A BURST of letter-writing has laid bare disagreements in the College of Bishops about the best mechanism for introducing the Prayers of Love and Faith to be used to bless same-sex couples in church.
The moves come as the General Synod prepares to gather in York on Friday.
Earlier this week (News, 5 July), a group of leaders from 11 different C of E organisations, including the HTB network, as well as the Catholic and Evangelical Groups on the Synod, wrote to the College of Bishops to argue that the Prayers, drafted under the auspices of the Bishops, should be subject to the Synod’s authorisation under Canon B2, a process that requires two-thirds majorities in each of the three Houses of Synod at the final-approval stage.
This has been widely interpreted as an attempt to halt the introduction of blessings for same-sex couples, an outcome of the Living in Love and Faith (LLF) process, or at least to delay them. When the Prayers were approved by the Synod in February, a two-thirds majority was achieved only in the House of Bishops.
Now even this support looks uncertain. The Church Times has seen a letter sent on Wednesday by a group of 22 bishops — including nine diocesans — who have written to their colleagues to welcome the letter from the “alliance of network leaders” and to support its call for the Prayers of Love and Faith to be returned to the Synod under Canon B2.
It is understood, however, that a larger group of bishops, believed to number more than 40, have warned against subjecting the prayers to a long, uncertain, and, they argue, unnecessary synodical process. Instead, they call for the prayers to be approved by the Archbishops under Canon B4.2.
(Canon B4.2 states: “The archbishops may approve forms of service for use . . . on occasions for which no provision is made in The Book of Common Prayer or by the General Synod under Canon B2 or by the Convocations under this Canon, being forms of service which in both words and order are in their opinion reverent and seemly and are neither contrary to nor indicative of any departure from the doctrine of the Church of England in any essential matter.”)
The larger group is also thought to suggest that, if a route is taken that delays the use of blessings, some diocesan bishops might break ranks and commend the prayers for immediate use.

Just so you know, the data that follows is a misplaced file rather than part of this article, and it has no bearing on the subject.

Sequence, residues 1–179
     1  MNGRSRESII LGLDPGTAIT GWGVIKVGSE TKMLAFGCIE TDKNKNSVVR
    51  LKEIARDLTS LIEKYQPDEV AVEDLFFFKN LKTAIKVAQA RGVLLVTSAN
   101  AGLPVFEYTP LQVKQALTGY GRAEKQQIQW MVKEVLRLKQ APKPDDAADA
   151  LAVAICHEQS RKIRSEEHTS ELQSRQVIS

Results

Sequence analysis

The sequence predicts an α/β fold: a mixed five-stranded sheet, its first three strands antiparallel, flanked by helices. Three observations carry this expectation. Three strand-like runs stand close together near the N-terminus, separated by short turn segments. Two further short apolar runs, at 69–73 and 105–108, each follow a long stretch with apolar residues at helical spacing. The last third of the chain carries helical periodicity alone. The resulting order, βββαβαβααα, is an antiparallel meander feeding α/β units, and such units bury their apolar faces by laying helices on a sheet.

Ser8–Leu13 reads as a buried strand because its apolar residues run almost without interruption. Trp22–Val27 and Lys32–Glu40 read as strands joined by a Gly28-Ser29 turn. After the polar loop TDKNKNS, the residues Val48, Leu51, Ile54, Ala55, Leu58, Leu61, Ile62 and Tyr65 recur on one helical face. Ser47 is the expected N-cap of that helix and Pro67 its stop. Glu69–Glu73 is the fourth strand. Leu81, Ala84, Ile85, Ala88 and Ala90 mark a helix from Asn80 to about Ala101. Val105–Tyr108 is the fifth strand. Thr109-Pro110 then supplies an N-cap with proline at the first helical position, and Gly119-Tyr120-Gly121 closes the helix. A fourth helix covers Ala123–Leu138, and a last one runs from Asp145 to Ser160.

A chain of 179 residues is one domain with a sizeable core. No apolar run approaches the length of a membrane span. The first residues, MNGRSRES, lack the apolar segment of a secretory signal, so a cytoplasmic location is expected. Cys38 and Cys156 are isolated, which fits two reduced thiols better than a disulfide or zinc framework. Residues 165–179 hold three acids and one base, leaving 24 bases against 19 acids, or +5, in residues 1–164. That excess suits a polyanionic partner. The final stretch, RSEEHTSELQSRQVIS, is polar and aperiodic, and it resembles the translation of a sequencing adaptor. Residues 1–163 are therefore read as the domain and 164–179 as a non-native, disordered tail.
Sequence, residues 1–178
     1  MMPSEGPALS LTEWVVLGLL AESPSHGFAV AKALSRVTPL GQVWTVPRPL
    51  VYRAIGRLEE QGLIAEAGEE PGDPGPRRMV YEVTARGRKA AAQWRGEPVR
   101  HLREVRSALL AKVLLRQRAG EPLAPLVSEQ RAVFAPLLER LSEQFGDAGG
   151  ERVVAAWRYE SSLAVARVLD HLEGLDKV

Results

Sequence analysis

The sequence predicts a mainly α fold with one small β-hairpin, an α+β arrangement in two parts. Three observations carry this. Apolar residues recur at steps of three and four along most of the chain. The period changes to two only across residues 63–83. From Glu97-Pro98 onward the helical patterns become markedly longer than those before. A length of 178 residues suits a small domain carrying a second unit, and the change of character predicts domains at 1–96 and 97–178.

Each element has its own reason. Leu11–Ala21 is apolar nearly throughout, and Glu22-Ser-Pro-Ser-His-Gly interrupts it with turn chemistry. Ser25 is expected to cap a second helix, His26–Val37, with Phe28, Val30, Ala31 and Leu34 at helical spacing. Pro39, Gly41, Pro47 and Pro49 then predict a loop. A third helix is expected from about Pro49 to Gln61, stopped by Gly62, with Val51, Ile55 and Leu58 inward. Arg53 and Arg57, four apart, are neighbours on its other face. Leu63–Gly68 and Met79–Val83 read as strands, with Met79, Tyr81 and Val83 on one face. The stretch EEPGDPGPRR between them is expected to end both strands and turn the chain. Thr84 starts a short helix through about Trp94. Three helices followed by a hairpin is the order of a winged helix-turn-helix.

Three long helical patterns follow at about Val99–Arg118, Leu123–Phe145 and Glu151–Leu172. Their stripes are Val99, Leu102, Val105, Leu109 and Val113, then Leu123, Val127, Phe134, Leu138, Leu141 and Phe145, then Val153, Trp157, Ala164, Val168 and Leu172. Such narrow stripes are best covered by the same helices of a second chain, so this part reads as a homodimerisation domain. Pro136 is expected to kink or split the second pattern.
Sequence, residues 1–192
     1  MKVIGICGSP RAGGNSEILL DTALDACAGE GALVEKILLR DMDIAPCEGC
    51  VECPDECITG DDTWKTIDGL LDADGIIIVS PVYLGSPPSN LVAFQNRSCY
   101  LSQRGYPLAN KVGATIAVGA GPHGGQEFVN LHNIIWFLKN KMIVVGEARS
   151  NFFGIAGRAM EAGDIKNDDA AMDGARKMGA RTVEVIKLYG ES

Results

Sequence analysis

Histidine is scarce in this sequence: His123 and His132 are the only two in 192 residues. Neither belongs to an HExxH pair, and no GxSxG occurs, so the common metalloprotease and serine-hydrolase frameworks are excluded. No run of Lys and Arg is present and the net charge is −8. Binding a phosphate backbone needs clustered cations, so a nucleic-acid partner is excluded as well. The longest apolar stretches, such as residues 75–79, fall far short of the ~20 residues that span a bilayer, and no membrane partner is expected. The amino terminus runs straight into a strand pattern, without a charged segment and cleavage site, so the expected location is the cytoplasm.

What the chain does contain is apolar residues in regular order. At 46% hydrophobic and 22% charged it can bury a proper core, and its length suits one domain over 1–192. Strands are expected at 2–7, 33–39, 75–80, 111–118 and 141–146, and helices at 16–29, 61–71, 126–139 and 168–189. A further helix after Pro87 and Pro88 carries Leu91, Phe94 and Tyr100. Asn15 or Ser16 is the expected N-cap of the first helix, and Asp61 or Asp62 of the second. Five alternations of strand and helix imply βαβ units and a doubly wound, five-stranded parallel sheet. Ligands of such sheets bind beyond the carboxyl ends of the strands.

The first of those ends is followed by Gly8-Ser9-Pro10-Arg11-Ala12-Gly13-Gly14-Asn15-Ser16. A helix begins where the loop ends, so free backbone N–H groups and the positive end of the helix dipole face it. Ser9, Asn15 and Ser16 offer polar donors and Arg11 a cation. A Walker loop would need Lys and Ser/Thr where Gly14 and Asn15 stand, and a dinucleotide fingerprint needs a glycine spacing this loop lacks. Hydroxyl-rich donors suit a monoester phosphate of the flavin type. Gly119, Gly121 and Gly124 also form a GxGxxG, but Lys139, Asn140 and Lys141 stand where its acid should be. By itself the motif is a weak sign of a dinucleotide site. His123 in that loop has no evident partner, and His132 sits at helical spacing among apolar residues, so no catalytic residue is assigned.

The letter advocating the use of Canon B2 argues that the synodical process is “designed for such material, providing robust methods of revision that properly test the theological and liturgical quality of the material and a participative process which works towards a consensus, which — while not unanimity — nevertheless represents something close to the common mind of the Church.”
They also argue that “other routes risk not only damaging the unity of the Church of England but, in so doing, also damaging the integrity of the Church’s episcopate”.
The letter concludes with an acknowledgement that “not every recipient of this letter will agree with this perspective”, and an assertion that the signatories “desire to be part of the solution rather than part of the problem, and to play our part in forging a positive way forward.”
The letter has been signed by the Bishop of Coventry, Dr Christopher Cocksworth; the Bishop of Rochester, Dr Jonathan Gibbs; the Bishop of Hereford, the Rt Revd Richard Jackson; the Bishop of Carlisle, the Rt Revd James Newcome; the Bishop of Blackburn, the Rt Revd Philip North; the Bishop of Guildford, the Rt Revd Andrew Watson; the Bishop of Sheffield, Dr Pete Wilcox; the Bishop of Southwell & Nottingham, the Rt Revd Paul Williams; and the Bishop of Chichester, Dr Martin Warner.
The former Bishop of Kensington, Dr Graham Tomlin, who is now the director of the Centre for Cultural Witness at Lambeth Palace, and the former Bishop of Shrewsbury, the Rt Revd Mark Rylands, who now serves as a team rector in Exeter diocese, also signed the letter.
The other signatories are the suffragans Horsham, Woolwich, Lancaster, Plymouth, Lewes, Loughborough, Penrith, and Islington, as well as three of the bishops who provide episcopal oversight for parishes that have passed resolutions on the ministry of women: the Bishops of Fulham, Ebbsfleet, and Oswestry.
ON WEDNESDAY afternoon, a former Bishop of Liverpool, the Rt Revd Paul Bayes, reacted to the publication of the letter from leaders of 11 C of E organisations by urging the College of Bishops to “hold (or discover) their nerve”.
In a post on Twitter, he wrote: “This will only go on, and become more shrill. Marginal people in the LGBT+ community don’t have this sort of resourced, organised, amplified voice; but it is they who pay the price for the way things are.”
On Thursday evening, a statement was published on the Prayer Book Society (PBS) website, stating that the organisation “holds no formal stance on the proposed liturgical resources, Prayers of Love and Faith”.
The current chairman of the PBS, Bradley Smith, was one of the signatories of the letter, with his affiliation to the organisation clearly stated. The letter, however, included a proviso that signatories were “signing in their personal capacities”.
The PBS statement on Thursday said: “Without consultation with the Society’s trustees, the Society’s Chairman signed the letter, without stipulating that reference to the Society should be omitted. The Chairman has expressed his regret at this oversight.”
Early in 1992, the leadership at that time of the Prayer Book Society declared its opposition to the ordination of women, a position that was later reversed after protests from members.